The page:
The following article has been provided by Woodland Dunes Nature Center and Preserve.
The things for which I am thankful may be slightly different than those of most people, based on experience. Yesterday when we were banding birds at the nature center, I was grateful to hold a small, soft, warm junco in my hand as I measured it and placed the band on its leg. Then I was thankful to release the bird and watch it fly into the nearby spruce trees- it did not belong to me and it needed to be free to spend the winter here before migrating back north in the spring to nest. When you feel the vibration of its rapid heart beat and look into it’s deep brown eyes you realize that it is a being unto its own, and that your encounter with it is a fleeting gift which can be held in length only in your memory. Our hope is that someday against the odds someone else will also hold this bird, and tell where it traveled and how long it lives.
If you are thoughtful and aware, you realize that this one bird is a very small part of an enormous ecosystem filled with many other beings- animals of all sorts, flowers, trees, fungi- all playing a specific role in a very big world. But not infinitely big- we’ve demonstrated time and time again how we, above all other creatures, can foul things up. But in many cases, given just a little encouragement and repair, nature seeps back in to at least try to re-establish its former self. Nature starts with plants, and establishing even a small patch of native plants will provide a home for insects or other small creatures, and by linking such places we can build habitats that can become landscapes, even if we are living there, too. People who recognize the value of such places, the plants and the animals, provide a service to others both human and non-human.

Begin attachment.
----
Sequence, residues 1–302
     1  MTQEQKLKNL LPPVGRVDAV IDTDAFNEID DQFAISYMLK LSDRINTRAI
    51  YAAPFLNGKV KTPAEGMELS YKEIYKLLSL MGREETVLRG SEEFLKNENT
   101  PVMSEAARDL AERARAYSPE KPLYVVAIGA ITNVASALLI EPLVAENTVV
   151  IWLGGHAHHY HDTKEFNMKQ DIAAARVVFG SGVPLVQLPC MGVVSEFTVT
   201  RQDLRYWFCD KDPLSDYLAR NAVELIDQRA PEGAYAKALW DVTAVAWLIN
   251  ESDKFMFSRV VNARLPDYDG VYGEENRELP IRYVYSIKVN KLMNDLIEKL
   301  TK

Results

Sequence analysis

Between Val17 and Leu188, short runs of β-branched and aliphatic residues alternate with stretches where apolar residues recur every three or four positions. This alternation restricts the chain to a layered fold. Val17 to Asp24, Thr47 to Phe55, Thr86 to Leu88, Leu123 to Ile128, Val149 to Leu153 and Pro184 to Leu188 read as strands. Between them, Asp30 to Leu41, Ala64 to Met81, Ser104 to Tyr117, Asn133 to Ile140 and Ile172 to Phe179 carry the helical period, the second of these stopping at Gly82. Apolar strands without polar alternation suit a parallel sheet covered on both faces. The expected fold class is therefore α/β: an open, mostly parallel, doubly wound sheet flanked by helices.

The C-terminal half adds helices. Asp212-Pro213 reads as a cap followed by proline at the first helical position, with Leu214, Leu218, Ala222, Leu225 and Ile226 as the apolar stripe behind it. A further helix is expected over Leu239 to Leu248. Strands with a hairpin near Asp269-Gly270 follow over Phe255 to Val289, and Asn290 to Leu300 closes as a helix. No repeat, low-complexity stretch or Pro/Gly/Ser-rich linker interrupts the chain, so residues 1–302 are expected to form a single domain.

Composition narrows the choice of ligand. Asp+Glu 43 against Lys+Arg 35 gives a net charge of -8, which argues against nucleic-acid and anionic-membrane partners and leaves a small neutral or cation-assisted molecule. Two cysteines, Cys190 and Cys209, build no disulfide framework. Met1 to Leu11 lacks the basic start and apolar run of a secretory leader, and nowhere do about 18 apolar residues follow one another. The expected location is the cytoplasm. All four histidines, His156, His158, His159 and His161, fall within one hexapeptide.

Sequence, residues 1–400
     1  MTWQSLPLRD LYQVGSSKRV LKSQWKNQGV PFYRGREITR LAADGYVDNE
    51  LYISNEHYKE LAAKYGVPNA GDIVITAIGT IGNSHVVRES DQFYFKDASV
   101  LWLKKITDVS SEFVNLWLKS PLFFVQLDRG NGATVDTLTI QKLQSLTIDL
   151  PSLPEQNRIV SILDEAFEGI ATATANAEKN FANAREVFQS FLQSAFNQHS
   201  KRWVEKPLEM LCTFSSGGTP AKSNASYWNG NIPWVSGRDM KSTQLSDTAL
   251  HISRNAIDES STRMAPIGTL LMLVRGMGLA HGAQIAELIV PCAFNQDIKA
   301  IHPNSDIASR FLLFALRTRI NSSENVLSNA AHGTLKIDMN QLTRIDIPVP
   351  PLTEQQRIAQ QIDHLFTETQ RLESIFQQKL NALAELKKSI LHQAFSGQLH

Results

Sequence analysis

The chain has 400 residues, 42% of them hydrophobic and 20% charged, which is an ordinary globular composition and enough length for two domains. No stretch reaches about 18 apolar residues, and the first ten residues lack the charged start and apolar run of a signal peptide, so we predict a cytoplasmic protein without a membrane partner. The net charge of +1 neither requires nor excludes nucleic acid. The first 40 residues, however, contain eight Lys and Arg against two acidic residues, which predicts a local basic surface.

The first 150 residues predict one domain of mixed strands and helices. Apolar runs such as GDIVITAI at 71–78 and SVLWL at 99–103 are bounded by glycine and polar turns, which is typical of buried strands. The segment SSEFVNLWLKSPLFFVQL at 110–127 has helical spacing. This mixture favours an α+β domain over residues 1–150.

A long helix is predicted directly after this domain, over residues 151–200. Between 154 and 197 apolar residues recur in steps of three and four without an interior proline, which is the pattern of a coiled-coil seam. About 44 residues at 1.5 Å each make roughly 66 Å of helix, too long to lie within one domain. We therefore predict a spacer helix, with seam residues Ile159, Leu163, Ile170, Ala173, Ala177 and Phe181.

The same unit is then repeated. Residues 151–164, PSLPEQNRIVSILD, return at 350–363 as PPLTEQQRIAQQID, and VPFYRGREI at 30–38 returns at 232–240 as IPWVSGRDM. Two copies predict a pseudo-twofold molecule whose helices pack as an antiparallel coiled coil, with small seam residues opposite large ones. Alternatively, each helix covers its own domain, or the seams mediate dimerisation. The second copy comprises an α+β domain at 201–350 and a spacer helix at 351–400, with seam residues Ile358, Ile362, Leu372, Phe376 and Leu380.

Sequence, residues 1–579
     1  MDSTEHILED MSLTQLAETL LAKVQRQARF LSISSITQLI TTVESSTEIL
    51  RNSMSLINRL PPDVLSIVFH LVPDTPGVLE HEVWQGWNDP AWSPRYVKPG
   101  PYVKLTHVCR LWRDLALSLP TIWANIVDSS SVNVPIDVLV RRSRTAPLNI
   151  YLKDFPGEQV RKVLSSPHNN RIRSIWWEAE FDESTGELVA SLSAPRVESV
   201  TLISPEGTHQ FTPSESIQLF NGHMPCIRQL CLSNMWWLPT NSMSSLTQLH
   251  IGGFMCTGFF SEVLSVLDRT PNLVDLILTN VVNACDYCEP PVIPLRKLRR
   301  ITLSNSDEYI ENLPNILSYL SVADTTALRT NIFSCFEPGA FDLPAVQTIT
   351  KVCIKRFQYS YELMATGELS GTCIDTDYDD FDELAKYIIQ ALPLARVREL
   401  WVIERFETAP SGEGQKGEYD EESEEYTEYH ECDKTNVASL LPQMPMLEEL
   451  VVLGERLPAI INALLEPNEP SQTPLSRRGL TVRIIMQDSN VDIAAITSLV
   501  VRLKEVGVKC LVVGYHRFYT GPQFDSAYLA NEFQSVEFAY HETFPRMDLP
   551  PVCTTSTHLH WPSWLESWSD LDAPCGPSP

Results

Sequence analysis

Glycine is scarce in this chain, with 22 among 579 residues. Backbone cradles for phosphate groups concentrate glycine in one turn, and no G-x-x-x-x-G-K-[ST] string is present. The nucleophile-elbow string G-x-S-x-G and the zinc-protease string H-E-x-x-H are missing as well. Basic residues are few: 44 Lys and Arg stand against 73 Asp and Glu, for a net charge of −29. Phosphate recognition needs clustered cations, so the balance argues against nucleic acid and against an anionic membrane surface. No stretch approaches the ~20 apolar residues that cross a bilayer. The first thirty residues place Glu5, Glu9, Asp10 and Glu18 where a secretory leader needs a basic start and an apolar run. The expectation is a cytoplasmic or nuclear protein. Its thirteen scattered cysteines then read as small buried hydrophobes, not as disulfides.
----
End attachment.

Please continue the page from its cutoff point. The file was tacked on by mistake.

I won’t be banding birds on Thanksgiving, but I will plant the last few trees of the year. And while I do so I’ll think about my family, the people in our community who appreciate trees, the people who support our nature center, and the beings of the forest we are working to re-create. With the hope that we can better learn to appreciate both each other and nature as well.